Also, Marko, I've also had the experience that for good people in IT, there is always work here. Granted, I'm probably talking the top, I dunno, 30% of workers, so I imagine that's true of many sectors.

CS said...

Talking of prices, how about this? Seven, sixty-four square feet cutely priced at $327,777, or just $429.00 per foot. Built in 1930 on a miniscule lot, the ideal condo alternative in Esquimalt.

CS said...

I just ... purchased a tumblr skin...

What's a tumblr skin? Maybe I need one. Perhaps if we all bought one it would give the local economy a real shot in the arm.

CS said...

If you are somewhat intelligent, willing to hustle and work hard plenty of opportunity other there in a variety of sectors including IT.

Ha! but what if you are not "somewhat intelligent." Like maybe your IQ is only around 100 or a bit below, like half the population. Then screw 'em?

I've also had the experience that for good people in IT, there is always work here. Granted, I'm probably talking the top, I dunno, 30% of workers...

Oh, so it's actually the lower 70% who perhaps can't hack it.

The fact that the unemployment rate can vary widely over time, which suggests that most people will work if given an opportunity, but there are times when there are many who find no opportunity and thus finish up sleeping in a cardboard box or whatever.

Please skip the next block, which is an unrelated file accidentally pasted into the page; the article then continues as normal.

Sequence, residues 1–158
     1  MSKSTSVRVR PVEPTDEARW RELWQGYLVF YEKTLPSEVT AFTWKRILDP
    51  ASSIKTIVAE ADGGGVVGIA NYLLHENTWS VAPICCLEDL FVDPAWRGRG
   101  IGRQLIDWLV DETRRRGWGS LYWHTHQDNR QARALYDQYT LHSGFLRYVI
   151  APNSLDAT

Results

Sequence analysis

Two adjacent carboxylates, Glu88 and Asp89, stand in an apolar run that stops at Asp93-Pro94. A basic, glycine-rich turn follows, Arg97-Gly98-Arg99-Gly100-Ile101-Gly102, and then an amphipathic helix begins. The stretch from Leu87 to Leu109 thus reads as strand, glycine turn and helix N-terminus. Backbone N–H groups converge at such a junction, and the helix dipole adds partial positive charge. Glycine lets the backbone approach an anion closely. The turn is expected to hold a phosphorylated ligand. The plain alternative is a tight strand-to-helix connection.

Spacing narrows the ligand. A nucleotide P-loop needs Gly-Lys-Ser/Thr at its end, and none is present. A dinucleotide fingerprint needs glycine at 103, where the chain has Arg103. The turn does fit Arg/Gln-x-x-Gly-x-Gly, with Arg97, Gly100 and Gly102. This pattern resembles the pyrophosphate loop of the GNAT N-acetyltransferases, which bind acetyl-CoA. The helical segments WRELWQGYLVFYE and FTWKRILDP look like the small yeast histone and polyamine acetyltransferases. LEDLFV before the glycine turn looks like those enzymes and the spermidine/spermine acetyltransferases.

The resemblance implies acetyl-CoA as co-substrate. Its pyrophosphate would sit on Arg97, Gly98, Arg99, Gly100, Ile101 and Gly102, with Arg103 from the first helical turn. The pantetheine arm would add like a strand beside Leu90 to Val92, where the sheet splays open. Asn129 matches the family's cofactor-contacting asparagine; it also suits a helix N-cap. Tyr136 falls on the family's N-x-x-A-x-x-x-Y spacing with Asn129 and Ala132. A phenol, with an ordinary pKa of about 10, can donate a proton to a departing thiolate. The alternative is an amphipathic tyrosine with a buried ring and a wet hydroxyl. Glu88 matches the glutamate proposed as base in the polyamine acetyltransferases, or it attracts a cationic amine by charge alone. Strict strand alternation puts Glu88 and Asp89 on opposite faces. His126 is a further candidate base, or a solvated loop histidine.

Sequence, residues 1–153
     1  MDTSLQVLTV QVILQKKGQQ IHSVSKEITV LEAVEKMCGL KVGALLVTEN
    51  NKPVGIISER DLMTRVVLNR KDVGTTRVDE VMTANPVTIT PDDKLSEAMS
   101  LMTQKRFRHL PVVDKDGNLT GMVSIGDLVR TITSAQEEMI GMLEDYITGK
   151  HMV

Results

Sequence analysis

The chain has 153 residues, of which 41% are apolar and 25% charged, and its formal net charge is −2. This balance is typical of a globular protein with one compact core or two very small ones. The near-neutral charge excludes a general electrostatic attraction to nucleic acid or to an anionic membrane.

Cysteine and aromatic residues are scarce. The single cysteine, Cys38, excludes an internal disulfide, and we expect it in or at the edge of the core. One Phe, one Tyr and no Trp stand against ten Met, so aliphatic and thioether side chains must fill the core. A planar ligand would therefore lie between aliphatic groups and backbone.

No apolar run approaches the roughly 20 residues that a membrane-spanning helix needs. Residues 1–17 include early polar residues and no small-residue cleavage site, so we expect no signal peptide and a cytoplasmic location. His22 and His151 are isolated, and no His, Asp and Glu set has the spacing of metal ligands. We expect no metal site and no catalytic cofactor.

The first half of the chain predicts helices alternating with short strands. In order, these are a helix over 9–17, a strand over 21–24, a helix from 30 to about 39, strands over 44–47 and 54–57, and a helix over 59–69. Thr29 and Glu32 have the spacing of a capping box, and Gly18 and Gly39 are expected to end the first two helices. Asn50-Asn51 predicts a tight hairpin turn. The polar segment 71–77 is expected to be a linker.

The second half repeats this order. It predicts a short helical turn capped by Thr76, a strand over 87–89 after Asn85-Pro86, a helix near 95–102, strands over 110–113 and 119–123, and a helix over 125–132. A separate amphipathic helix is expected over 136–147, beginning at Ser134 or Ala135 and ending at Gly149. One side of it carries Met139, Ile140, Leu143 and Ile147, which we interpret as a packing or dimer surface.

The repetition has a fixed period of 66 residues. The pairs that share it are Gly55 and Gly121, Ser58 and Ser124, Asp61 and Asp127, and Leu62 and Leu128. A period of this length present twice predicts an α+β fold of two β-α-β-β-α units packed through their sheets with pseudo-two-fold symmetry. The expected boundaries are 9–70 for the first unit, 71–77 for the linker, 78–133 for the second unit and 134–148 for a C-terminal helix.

CS said...

However, a large portion of Victoria's high tech sector is not geared for end-user products.

So you're in the high tech sector if you write software or do engineering design for someone else or if you make something really weird like a Tumblr skin, but it's just regular business if you, say, write software, as we did, for use in providing some mundane product such as smoked fish or a service such as the controlled microbiological disposal of septic tank sludge.

Just Jack said...

901 High-Tech companies in Victoria now. I just re-clasified myself from being a service industry to high-tech.